• Add to your reading list, viewing queue, and podcast roster by seeking thought leaders on indigenous rights and antiracism like Willie Hensley, Ibram Kendi, Ta-Nehisi Coates, and Rachel Cargill.  The Anchorage Public Library and the Alaska State Library have selections from these and other authors that can be checked out as e-books now (while the libraries are still closed to the public). Read about Elizabeth Peratrovich, the Tlingit woman who led the fight for the Alaska Equal Rights Act, in Fighter in Velvet Gloves: Alaska Civil Rights Hero Elizabeth Peratrovich
  • Support Bridge Builders of Anchorage, an organization dedicated to the promotion and celebration of harmony and respect among all cultures in order to make Anchorage, Alaska the first city without prejudice.  (www.bridgebuildersak.org)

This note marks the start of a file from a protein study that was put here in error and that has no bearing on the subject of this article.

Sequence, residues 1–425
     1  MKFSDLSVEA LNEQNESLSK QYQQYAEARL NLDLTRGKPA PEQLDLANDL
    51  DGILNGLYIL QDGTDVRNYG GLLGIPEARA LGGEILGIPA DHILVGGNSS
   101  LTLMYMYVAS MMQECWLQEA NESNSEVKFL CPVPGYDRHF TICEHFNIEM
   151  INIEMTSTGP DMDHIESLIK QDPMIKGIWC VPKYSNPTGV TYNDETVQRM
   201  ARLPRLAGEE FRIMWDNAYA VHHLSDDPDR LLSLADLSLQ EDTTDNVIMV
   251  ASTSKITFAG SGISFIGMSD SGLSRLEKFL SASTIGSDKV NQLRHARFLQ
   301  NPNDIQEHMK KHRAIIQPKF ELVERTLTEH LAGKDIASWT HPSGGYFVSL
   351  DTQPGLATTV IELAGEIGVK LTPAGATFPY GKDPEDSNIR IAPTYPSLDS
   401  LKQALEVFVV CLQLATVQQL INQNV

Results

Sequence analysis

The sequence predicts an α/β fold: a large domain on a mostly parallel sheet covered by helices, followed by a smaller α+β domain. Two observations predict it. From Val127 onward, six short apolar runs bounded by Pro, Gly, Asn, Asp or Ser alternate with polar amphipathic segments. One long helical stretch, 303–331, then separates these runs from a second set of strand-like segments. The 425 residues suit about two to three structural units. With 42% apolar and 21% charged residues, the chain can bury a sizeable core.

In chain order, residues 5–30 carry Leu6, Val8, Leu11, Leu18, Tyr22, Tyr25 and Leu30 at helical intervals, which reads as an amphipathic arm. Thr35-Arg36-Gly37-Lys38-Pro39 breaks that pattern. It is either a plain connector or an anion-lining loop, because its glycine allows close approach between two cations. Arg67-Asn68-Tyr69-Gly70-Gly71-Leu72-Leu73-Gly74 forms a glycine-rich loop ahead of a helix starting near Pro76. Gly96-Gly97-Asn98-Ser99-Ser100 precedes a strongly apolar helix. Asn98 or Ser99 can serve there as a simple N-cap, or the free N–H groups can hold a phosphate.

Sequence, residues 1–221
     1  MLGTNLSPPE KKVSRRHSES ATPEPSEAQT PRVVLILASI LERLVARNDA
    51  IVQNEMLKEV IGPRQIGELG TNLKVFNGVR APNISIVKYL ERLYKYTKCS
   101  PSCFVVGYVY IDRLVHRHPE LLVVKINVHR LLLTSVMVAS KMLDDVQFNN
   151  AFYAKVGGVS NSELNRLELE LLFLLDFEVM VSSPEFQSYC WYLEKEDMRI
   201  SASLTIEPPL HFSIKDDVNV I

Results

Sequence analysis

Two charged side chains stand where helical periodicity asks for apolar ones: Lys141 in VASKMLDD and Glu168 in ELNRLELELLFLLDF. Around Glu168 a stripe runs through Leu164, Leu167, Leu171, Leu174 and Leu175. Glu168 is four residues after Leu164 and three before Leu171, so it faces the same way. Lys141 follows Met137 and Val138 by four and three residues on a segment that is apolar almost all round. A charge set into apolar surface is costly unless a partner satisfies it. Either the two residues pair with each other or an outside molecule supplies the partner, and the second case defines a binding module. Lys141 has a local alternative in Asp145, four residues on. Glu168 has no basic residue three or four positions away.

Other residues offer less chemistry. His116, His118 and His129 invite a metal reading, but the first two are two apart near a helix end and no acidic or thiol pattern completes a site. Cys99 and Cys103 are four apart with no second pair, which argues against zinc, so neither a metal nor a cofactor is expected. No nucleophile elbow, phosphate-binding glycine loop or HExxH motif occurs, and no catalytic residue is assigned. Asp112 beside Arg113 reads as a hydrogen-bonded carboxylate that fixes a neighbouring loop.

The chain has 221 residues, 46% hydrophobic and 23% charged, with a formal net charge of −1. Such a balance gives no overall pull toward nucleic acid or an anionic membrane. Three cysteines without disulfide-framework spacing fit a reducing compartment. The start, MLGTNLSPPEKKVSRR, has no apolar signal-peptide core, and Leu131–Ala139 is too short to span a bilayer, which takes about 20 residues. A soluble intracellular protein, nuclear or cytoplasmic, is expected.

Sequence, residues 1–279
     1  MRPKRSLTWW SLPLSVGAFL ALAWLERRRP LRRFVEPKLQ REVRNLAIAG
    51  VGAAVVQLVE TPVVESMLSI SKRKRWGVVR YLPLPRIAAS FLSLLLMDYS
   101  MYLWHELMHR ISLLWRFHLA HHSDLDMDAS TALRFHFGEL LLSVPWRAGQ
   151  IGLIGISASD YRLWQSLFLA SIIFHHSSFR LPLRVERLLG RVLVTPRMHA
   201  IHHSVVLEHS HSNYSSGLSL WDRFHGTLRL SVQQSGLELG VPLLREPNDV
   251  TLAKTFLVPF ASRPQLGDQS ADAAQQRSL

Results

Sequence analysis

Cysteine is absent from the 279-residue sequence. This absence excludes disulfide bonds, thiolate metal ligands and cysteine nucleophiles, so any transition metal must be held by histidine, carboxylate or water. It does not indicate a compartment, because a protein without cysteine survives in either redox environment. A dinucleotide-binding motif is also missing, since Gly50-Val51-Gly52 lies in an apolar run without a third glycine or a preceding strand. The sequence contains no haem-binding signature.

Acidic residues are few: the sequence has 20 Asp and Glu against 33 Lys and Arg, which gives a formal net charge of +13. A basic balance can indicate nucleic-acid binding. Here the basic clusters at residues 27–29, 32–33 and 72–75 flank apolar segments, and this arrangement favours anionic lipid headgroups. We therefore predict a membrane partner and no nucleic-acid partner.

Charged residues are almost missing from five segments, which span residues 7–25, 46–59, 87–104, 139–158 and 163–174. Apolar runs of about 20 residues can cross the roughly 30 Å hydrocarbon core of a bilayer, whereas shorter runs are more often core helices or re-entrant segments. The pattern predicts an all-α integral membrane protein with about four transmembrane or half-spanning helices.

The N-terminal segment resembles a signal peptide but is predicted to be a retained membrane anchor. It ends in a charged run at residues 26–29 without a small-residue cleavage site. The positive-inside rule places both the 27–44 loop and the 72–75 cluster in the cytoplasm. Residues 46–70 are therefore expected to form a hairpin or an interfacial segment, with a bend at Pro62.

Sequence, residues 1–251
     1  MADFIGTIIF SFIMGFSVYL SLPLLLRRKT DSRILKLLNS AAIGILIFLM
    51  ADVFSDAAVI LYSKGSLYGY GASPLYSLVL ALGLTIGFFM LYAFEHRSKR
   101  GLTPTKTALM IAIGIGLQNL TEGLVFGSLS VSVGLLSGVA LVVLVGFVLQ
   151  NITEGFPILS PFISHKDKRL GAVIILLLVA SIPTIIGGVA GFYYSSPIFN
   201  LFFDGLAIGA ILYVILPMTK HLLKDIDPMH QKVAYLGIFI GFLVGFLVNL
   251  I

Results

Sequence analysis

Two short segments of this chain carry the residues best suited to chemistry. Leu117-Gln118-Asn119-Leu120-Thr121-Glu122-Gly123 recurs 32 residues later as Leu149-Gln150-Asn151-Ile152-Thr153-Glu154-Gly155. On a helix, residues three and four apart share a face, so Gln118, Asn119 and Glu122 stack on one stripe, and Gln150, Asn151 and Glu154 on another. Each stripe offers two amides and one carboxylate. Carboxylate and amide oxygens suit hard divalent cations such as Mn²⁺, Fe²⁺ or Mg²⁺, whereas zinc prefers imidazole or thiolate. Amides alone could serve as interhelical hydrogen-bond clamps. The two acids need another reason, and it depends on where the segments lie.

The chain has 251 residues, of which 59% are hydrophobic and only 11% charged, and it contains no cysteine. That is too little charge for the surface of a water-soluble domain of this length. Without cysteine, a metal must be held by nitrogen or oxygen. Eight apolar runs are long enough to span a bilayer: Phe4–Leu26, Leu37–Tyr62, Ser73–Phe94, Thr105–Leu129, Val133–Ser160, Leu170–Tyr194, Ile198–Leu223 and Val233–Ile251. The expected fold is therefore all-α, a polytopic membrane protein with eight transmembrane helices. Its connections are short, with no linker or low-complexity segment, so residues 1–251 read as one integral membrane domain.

Thank you to NASW Massachusetts for their resources.

Alaska’s SHARP Program announces that PUBLIC COMMENT is now open for proposed regulation re: SHARP-1 administrative fee

Know that Alaska’s SHARP Program has announced that the public comment period is open for proposed SHARP-1 regulations. (This is NOT the same regulation as that now-proposed for SHARP-3)

SHARPS

Sharp A/Sharp B/Sharp C/Sharp D

You may provide oral comments relevant to the proposed action via telephone at the hearing to be held on June 22, 2020, starting at 10 am, by calling 1-888-392-4560, and using the participant access code number 5818485#.

Alaska’s SHARP Program announces that PUBLIC COMMENT is now open for proposed regulation re: SHARP-1 administrative fee